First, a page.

presided over the discovery of insulin, stem cells, and the antipsychotic
Dopamime 2, a dean and his advisers would approve this endowment in
perpetuity on the grounds of “academic freedom.” And hypocritical. As we
know from too many previous controversial stories, OISE’s concept of
academic freedom is a one-way street: political correctness rules, and those
that are incorrect find their freedom narrowly constrained.

Even though there isn’t a shred of biological proof to uphold the feminist
thesis that men and women are socially constructed for difference, and
plenty of biological evidence to show that they are inherently different,
for example, we will never see an endowed scholarship in the field of
“Anti-Feminism” at OISE. On the other hand, given OISE’s enthusiastic
history in promoting anti-Israel activism, a future scholarship in
“Anti-Zionism” would not surprise me.

Real academics are distressed by the Burstow scholarship; indeed many are
agitated and with reason. Hamilton psychiatrist Dr. David Laing Dawson posed
Burstow a question: “Your university has a Faculty of Medicine and a
Department of Psychiatry. You are already on salary, I presume. Why don’t
you offer to participate in Faculty of Medicine seminars and lectures and
workshops to promote your ideas and opinions?”

Why? Because that would be the reasonable — and ethical — thing to do. Shame
on OISE for setting this terrible precedent.



http://news.nationalpost.com/full-comment/barbara-kay-u-of-ts-antipsychiatry-scholarship-and-not-believing-in-mental-illness-is-an-attack-on-science
Ahmed Ouahi, Architect
2017-01-26 15:11:56 UTC
Permalink
Raw Message
For the simple reason that the eugenics is provididing genocide after
genocide
Something which it does feeds materially the pharmacologics industry as hide
Perfectly a totalitarian system as israel does not exist neither whether
zionism

Remains a perfect collector of wall street which it does not let anything to
work
As it should be as to move the way it must be as it is already known that
state's
Econonmy requires population which it would let it to move as just the
strict fall

Of a western and the north politics strictely is due to need of religion
otherwise
The belief out of it anytime the politics felt as the history is an extreme
witness
Along that matter 'cause a marxism is exately as nazism as any theory
doctrinal

As dictatorial has ever work neither even by running after a money of the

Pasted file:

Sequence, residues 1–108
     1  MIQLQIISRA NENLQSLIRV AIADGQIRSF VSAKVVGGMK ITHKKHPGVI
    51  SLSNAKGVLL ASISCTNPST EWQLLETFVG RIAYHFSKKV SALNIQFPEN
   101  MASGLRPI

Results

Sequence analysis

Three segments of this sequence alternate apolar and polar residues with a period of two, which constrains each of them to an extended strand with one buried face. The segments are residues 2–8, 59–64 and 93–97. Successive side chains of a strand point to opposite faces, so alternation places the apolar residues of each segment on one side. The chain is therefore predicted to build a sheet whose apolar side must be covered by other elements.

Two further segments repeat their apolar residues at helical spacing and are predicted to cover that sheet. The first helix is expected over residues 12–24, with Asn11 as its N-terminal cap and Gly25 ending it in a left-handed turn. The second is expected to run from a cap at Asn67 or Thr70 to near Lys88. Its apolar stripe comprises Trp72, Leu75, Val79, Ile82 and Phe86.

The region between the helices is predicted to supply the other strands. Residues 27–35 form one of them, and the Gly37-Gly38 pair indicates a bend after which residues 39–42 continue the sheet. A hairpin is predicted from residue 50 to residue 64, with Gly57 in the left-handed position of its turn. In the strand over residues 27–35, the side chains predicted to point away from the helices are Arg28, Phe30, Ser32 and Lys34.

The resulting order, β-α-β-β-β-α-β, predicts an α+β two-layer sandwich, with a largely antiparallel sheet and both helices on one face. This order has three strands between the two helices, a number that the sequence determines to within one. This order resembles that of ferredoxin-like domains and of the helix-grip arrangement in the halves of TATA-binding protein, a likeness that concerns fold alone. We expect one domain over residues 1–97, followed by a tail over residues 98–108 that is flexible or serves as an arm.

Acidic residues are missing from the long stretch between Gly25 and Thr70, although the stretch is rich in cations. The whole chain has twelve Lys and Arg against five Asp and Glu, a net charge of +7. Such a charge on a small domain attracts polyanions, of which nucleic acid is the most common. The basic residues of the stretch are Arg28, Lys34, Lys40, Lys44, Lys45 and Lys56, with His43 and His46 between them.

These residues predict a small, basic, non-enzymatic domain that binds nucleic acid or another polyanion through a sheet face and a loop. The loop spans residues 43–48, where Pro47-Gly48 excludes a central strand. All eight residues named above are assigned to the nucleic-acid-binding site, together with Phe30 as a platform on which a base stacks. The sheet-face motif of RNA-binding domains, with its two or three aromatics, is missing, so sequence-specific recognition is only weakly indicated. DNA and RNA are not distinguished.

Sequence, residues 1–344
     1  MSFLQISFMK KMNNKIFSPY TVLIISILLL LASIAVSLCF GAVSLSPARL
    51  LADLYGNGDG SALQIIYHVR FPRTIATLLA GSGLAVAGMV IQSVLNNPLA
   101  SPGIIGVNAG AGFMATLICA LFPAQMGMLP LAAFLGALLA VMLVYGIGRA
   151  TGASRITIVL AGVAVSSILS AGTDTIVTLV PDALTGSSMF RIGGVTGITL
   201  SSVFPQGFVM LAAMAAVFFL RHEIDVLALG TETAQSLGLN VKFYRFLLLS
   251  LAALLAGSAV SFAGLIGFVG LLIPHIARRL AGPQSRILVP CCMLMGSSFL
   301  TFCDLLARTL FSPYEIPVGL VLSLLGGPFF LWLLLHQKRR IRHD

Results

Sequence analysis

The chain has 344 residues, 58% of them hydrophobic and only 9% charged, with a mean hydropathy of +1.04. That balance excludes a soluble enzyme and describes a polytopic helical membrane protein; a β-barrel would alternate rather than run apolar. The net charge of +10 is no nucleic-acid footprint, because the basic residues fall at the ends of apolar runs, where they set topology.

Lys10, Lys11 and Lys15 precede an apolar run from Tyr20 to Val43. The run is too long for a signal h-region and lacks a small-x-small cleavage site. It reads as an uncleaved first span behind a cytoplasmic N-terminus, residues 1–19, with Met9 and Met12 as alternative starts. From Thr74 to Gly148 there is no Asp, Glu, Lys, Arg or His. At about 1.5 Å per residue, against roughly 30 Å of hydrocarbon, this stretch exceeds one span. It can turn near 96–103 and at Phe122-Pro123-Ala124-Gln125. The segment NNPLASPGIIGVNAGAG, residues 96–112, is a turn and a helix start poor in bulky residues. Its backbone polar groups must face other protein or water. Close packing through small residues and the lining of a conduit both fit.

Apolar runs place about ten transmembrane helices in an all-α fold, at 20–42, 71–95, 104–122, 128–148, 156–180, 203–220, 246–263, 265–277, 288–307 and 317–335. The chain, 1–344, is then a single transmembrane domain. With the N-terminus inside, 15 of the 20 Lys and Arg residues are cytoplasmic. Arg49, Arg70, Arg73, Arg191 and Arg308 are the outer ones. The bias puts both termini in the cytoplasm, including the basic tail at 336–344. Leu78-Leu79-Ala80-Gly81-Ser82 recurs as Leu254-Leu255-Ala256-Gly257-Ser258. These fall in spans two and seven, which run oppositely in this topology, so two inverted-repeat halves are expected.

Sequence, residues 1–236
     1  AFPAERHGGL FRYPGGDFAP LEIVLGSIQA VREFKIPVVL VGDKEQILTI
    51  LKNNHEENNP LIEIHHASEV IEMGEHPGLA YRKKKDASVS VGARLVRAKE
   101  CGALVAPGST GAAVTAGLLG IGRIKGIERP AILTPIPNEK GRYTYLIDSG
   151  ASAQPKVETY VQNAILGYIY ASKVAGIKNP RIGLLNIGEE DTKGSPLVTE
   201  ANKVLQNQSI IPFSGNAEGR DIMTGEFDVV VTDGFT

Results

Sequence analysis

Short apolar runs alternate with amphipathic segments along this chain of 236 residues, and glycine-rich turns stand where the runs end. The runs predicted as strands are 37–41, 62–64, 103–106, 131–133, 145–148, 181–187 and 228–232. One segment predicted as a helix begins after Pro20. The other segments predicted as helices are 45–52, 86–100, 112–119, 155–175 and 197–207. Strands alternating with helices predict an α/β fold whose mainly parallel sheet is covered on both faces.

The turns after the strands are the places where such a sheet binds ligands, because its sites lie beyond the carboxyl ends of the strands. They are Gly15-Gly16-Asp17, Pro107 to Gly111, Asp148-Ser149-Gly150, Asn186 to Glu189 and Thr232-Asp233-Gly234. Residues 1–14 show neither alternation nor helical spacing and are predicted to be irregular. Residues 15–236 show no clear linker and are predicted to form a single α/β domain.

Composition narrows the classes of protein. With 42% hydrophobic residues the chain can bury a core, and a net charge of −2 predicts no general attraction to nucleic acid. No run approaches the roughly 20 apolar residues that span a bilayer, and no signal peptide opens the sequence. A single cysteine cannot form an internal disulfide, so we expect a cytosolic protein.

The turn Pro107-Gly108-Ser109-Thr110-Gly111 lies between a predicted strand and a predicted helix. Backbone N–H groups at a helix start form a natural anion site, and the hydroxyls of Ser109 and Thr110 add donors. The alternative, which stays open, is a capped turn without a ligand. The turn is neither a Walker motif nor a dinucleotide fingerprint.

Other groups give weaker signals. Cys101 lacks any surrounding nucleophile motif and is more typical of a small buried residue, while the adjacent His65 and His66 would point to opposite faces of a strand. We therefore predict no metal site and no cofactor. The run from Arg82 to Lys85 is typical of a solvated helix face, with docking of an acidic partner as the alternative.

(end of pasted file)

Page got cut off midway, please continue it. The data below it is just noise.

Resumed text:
others
As it is already known that an idelogy whatever could be does not work
neither
Beacause in meantime people they do talk whith on an other all over the
world
--
Ahmed Ouahi, Architect
Best Regards!


"rogergonnet" kirjoitti viestissä:5889b4b8$0$24773$***@news.free.fr...

Barbara Kay: U of T’s ‘antipsychiatry’ scholarship — and not believing in
mental illness — is an attack on science
National Post

Barbara Kay | January 10, 2017



In November, the Ontario Institute for Studies in Education (OISE), an
all-graduate school at the University of Toronto, announced it had
established a world first, a scholarship in the “field” of antipsychiatry,
to be named after its primary instructor, Bonnie Burstow, an associate
professor in OISE’s Adult Education and Community Development department.

Burstow believes there is no proven biological basis for mental illness. She
believes that psychiatric treatment — including drugs — is inherently
oppressive and a violation of human rights.

If the image of Tom Cruise springs to mind at this revelation, you’re not
alone. Burstow’s beliefs fall right into line with the Scientology
“religion,” for which Cruise is a much-beloved and valuable poster boy. In
fact, its Canadian chapter of the Citizens Commission of Human Rights,
established in 1969 by the Church of Scientology to promote its
antipsychiatry agenda, stated on its Facebook page that Burstow’s
appointment was “very, very good news,” describing Burstow as “a rock star.”

Burstow is clearly a social justice warrior first and a scholar second. She
says, “The long history of psychiatry is the long history of pathologizing
women … It is also an institution that pathologizes Blacks, lesbians and